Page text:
The other day I was cooking a welcome home lunch for Partner-in-Crime (back from the Mother Ship) while listening to a Life Matters podcast. The guest was Michael Gawenda, who blogs regularly for Crikey, and he was talking about how getting a dog had provoked the now retired journo to venture out the front door and notice the outside world, nature in particular, having spent forty-odd years living a very internal life.
It was interesting because it coincided with my reading of a commentary on American writer Walt Whitman, whose nature-loving ecstacies similarly inspired his prolific writings about Life in General.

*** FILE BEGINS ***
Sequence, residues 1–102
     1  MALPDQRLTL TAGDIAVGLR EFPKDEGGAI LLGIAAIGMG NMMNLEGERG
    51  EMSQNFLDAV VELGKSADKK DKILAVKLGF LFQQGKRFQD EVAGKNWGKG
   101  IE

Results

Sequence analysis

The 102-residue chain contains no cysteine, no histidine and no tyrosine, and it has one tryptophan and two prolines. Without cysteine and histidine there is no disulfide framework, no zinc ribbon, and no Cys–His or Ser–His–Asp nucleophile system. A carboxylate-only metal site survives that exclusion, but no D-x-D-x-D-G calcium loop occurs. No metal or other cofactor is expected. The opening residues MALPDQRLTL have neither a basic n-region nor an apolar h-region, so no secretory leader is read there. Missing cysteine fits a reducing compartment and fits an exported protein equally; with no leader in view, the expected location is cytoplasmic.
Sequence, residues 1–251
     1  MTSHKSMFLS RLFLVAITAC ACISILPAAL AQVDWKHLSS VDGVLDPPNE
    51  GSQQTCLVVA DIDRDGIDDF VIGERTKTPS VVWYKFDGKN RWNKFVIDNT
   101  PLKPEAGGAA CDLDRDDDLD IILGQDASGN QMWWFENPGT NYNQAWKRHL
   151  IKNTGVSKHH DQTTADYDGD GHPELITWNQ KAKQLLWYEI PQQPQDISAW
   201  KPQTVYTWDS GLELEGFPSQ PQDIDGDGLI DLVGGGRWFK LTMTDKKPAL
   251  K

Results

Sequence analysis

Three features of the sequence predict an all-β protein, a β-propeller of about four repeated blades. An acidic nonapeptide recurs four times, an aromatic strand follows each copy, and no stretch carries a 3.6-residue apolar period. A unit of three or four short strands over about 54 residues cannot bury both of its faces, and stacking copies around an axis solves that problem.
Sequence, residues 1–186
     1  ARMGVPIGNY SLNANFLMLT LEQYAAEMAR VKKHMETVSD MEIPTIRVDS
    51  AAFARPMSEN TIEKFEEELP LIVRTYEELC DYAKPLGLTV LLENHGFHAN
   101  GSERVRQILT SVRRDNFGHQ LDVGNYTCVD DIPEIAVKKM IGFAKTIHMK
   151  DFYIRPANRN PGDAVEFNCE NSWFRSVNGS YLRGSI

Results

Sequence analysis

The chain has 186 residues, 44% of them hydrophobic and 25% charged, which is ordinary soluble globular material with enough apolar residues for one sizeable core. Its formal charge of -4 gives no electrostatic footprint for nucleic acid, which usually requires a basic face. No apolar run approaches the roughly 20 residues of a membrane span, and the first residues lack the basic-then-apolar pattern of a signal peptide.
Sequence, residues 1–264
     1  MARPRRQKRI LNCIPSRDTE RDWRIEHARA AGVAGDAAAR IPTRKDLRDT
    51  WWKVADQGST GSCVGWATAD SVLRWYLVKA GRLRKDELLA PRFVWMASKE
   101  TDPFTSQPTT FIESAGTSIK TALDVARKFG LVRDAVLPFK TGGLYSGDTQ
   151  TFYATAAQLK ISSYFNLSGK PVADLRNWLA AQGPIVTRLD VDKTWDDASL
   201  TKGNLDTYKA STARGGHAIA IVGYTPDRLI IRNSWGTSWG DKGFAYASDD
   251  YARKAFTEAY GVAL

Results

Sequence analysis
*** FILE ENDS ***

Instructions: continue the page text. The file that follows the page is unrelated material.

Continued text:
Now, Whitman tends to make Yours Truly blush, not for reasons you might think, but rather because he so totally gives himself over to his need to create. It’s almost embarrassing.
In Lewis Hyde’s book The Gift, he talks about an imperative within gifting cultures, where a gift must be passed on in order to retain its ‘gift-ness’. He says Whitman sees that nature gives him an ecstatic gift, which he willingly passes on to the reader in the form of a poem. Creativity, according to Hyde, is a gift. Something to be shared with others.
That’s one way to look at it, though creativity is often also seen as a compulsion or an affliction. Black dogs which won’t be silenced.
I don’t know the answer to this, but something tells me it’s healthier for the creative spirit to frame it in the positive. Something I like to ponder while cooking up a storm in one of my local gifting heartlands … the kitchen.